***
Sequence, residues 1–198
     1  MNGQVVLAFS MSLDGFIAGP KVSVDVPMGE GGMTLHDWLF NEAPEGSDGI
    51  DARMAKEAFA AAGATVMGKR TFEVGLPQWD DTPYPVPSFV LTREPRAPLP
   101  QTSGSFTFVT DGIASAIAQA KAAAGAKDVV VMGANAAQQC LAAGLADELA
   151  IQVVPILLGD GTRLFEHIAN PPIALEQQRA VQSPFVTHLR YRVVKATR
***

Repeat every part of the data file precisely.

Sequence, residues 1–198
     1  MNGQVVLAFS MSLDGFIAGP KVSVDVPMGE GGMTLHDWLF NEAPEGSDGI
    51  DARMAKEAFA AAGATVMGKR TFEVGLPQWD DTPYPVPSFV LTREPRAPLP
   101  QTSGSFTFVT DGIASAIAQA KAAAGAKDVV VMGANAAQQC LAAGLADELA
   151  IQVVPILLGD GTRLFEHIAN PPIALEQQRA VQSPFVTHLR YRVVKATR